Though many institutions have a wide variety of programs to meet the needs of first-generation college students, very few operate these programs as a cohesive unit. This online training is designed to give you a framework for supporting first-generation students that will help you organize your efforts across numerous departments. Included will be methods for helping first-generation students:
- Find their “college identity” and mitigate separation challenges
- View their first-generation status as a badge of honor
- Succeed academically and graduate on time
- Build a professional resume that will serve them post-graduation
Who Should Attend
This program will appeal to student support professionals who interact with first-generation students, including:
- Academic Advisors
- Student Support Centers
- Career Advisors
- Directors of Residence Life
- Financial Aid Professionals
After participating in this online training, you will have a framework for supporting first-generation students on your campus.
Throughout this training we will focus on four critical elements of first-generation student success:
- Addressing students’ social-emotional needs: First-gen students frequently struggle to find their “college identity.” Learn how you can support your students who are having challenges associated with separation from their family. We will discuss tactics that you can use to address these challenges and develop a stronger college identity in first-gen students.
- Celebrating students’ achievement: Students sometimes downplay their first-gen status due to embarrassment. Gain ideas for how you can help students celebrate their achievement, connect with other first-gen students and faculty, and develop the skills they need for success so that they don’t feel outpaced by their non-first-gen peers.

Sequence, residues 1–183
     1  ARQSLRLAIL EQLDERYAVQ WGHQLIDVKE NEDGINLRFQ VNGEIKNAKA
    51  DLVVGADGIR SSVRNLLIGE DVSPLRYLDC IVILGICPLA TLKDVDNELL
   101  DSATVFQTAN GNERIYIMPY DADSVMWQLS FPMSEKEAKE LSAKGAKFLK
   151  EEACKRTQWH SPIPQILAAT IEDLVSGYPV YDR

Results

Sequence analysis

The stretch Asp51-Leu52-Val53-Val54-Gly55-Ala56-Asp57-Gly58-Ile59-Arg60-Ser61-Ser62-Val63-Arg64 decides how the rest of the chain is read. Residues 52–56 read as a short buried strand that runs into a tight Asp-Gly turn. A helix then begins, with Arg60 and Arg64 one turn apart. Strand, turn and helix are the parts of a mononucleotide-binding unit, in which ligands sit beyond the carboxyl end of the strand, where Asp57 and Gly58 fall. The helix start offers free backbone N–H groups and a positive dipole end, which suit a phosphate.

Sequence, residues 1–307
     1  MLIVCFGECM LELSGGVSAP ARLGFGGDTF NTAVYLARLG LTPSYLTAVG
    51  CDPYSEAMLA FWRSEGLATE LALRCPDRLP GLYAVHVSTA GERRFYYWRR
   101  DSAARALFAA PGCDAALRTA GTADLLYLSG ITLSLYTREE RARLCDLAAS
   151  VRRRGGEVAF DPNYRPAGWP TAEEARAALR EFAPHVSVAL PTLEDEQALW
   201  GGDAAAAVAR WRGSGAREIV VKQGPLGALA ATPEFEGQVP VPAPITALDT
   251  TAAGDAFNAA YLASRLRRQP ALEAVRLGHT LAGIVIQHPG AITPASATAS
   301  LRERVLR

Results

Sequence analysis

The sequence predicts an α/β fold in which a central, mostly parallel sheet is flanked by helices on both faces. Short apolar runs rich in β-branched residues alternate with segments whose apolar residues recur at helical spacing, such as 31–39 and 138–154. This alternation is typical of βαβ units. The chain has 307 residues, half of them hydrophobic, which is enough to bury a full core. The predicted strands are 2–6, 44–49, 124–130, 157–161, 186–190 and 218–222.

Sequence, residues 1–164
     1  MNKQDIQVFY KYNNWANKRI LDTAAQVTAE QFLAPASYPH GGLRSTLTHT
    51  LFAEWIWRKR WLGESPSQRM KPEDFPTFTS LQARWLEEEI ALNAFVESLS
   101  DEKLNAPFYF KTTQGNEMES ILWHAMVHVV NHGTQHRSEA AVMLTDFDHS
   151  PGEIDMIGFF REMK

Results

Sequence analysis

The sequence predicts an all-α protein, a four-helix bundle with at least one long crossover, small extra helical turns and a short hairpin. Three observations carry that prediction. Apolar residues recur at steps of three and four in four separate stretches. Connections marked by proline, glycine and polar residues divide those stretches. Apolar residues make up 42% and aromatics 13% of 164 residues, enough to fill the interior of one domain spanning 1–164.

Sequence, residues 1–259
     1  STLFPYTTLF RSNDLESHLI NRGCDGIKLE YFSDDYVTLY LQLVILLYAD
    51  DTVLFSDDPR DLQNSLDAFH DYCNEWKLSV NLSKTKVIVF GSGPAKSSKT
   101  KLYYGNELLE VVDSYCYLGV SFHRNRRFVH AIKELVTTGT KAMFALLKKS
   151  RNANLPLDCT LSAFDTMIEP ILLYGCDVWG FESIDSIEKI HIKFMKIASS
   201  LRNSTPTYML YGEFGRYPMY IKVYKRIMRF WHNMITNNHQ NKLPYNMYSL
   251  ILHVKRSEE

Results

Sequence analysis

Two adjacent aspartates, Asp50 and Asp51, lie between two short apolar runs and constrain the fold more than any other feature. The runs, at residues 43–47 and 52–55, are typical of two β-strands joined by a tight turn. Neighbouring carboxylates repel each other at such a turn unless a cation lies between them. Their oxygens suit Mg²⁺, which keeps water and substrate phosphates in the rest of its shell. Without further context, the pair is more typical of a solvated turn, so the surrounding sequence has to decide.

- Graduating early or on time: First-gen students often face financial constraints that make graduating early or on time critically important. Learn what tactics you can use to help students finish on time and reduce their financial burden. From offering college courses in high school to educating faculty about the specific needs, you will attain tools for turning ideas into action.
- Building a professional resume: Help your students succeed after graduation by working with them to build professional connections and opportunities. We will help you develop strategies for organizing research opportunities, assisting with graduate school applications, and facilitating internships and service-learning projects that are ideal for first-gen students.
Linda Banks-Santilli, EdD, Dean for the School of Education, Child Life and Family Studies, Wheelock College
Detris Adelabu, Dean, School of Arts and Sciences, Wheelock College